Merrill Garbus, the mastermind behind tUnE-yArDs, often uses a minimal assortment of resources — a ukulele, some pedals, a bit of percussion here and there — to craft an explosive, unpredictable, worldly, beautiful and utterly inventive sound. On last year's widely beloved w h o k i l l, Garbus' music forms a cut-up collage of coos, howls and bold statements of purpose, but her live shows fan out into epic rave-ups, complete with a pair of saxophonists.

“Having fun with the songs of Allen Toussaint” is how Jon Cleary describes his new record, a celebration of great songs put through Cleary’s unique set of funky filters. Featuring Dr. John, Bonnie Raitt and The Absolute Monster Gentlemen, there are unexpected twists and turns on this journey through the Toussaint songbook that will keep surprising you till the last piano glissando fades away.  

Jon Cleary will perform at the Telluride Jazz Celebration. Tune-in to KSUT Friday at noon for a warm up when we feature his new CD Occapella. 

Telluride Jazz Celebration

Jul 30, 2012

August 3 - 5, 2012

Let there be no mistake, something extraordinary happens when you visit Telluride. More than a festival, the Telluride Jazz Festival is a lifestyle stepped in beauty, intimate in nature and alive with character. A place where music, food, people and culture are woven together in a seamless tapestry of laid back fun and pure enjoyment.
 

The L.A. band Dawes carries a serious torch for the greatest moments of rock's collision with folk and country: Buffalo Springfield, The Flying Burrito Brothers, The Band.

Imagine being able to rock a piano so well that Aerosmith wants you as its touring keyboardist. That's what happened to Russ Irwin, and he's been sharing the stage with Steven Tyler and Joe Perry for 15 years.

"I'm staring at their backsides," he tells NPR's David Greene. "It's an interesting place to be."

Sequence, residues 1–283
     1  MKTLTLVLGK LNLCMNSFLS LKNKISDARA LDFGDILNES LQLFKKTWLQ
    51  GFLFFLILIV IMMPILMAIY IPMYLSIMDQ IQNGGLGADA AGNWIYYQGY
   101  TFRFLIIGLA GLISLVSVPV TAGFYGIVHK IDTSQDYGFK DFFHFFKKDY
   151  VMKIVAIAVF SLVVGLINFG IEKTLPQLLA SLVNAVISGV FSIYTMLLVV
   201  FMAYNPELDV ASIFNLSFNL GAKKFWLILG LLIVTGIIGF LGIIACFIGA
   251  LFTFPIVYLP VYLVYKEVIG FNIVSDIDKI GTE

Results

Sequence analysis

For all the attention Alabama Shakes' music has attracted in 2012 — and its album Boys & Girls marked a huge breakthrough earlier this year — the live stage is where the soulful blues-rock band transcends mere "one to watch" status. Boys & Girls is the work of polished professionals at the top of their game, but in concert, Alabama Shakes' music reaches ecstatic, sprawling, rafter-shaking heights.

Do You Really Know What Live Is?

Jul 27, 2012

For a few minutes the other night, I thought I'd be going to see One Direction this Sunday. A dad I know sent me a text proposing that we bring our third-graders to Key Arena for the exceptionally mop-topped British boy band's Seattle show. He thought we could nab some tickets.

The selections in this week's drum fill quiz come from the amazing Michael Lerner, drummer for The Antlers. Somehow he found time to put this list together for us while the band was finishing up it's new EP, Undersea. I thought it was a pretty challenging quiz, but see what you think.

Drag the drum fill or intro to the album it's from. If you get it right, the song names will appear.

More Drum Fill Quizes

Bright Moments On World Cafe

Jul 26, 2012

Multi-instrumentalist Kelly Pratt has recorded and toured with bands like Coldplay, Arcade Fire, LCD Soundsystem and Beirut since 2006, but he's stepped into his own spotlight since forming the sunny pop band

All this summer, All Things Considered is digging into listeners' parents' record collections to hear about one song introduced by a parent that has stayed with you — for better or for worse.

Sigur Rós could be forgiven for sounding better on record than in concert. The Icelandic band's songs either billow out deliberately or stomp majestically, and in every case entail the building of layers upon intricate sonic layers. Plus, singer Jónsi — he of the otherworldly voice, singing mostly in a ghostly language of his own devising — is no Mick Jagger when it comes to calling attention to himself.

The Grateful Dead's eponymous live album started it all for Nicholas Meriwether.

It was 1985. He was studying history at Princeton and got hooked by psychedelic jams like "Wharf Rat." After his first concert, he knew: "I will spend the rest of my life thinking and studying this."

Brendan Benson On World Cafe

Jul 25, 2012

Brendan Benson has spent the past decade and a half curating a distinct and exciting sound, but his ascent hasn't been a smooth one. His debut album, 1996's One Mississippi, is considered a power-pop classic, but it sold poorly at the time of its release.

If last week's poll is any indication, most of you don't care much for Madonna, Dave Matthews, or Whitney Houston, at least not for the records of theirs we suggested.